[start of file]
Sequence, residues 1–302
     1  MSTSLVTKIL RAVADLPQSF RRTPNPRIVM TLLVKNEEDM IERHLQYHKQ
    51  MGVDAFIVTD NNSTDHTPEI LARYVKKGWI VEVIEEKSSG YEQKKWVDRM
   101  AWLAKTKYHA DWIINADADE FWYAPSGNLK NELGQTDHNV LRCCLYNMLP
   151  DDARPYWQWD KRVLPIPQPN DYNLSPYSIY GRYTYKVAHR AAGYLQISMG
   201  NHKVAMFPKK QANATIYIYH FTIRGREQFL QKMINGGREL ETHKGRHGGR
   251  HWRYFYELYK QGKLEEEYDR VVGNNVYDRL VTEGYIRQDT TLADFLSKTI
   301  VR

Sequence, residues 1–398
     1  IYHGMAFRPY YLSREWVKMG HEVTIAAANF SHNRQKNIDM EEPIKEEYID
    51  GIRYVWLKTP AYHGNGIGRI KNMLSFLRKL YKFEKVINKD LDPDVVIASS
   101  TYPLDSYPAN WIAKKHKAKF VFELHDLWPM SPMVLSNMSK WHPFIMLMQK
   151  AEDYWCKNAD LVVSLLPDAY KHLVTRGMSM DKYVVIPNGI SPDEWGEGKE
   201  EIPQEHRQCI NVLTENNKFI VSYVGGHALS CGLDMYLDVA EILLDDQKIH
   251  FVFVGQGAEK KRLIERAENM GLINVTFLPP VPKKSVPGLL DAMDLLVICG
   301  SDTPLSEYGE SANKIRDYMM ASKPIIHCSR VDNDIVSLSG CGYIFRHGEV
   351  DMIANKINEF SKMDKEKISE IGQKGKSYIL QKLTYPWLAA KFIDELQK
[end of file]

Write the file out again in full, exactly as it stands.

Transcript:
Sequence, residues 1–302
     1  MSTSLVTKIL RAVADLPQSF RRTPNPRIVM TLLVKNEEDM IERHLQYHKQ
    51  MGVDAFIVTD NNSTDHTPEI LARYVKKGWI VEVIEEKSSG YEQKKWVDRM
   101  AWLAKTKYHA DWIINADADE FWYAPSGNLK NELGQTDHNV LRCCLYNMLP
   151  DDARPYWQWD KRVLPIPQPN DYNLSPYSIY GRYTYKVAHR AAGYLQISMG
   201  NHKVAMFPKK QANATIYIYH FTIRGREQFL QKMINGGREL ETHKGRHGGR
   251  HWRYFYELYK QGKLEEEYDR VVGNNVYDRL VTEGYIRQDT TLADFLSKTI
   301  VR

Sequence, residues 1–398
     1  IYHGMAFRPY YLSREWVKMG HEVTIAAANF SHNRQKNIDM EEPIKEEYID
    51  GIRYVWLKTP AYHGNGIGRI KNMLSFLRKL YKFEKVINKD LDPDVVIASS
   101  TYPLDSYPAN WIAKKHKAKF VFELHDLWPM SPMVLSNMSK WHPFIMLMQK
   151  AEDYWCKNAD LVVSLLPDAY KHLVTRGMSM DKYVVIPNGI SPDEWGEGKE
   201  EIPQEHRQCI NVLTENNKFI VSYVGGHALS CGLDMYLDVA EILLDDQKIH
   251  FVFVGQGAEK KRLIERAENM GLINVTFLPP VPKKSVPGLL DAMDLLVICG
   301  SDTPLSEYGE SANKIRDYMM ASKPIIHCSR VDNDIVSLSG CGYIFRHGEV
   351  DMIANKINEF SKMDKEKISE IGQKGKSYIL QKLTYPWLAA KFIDELQK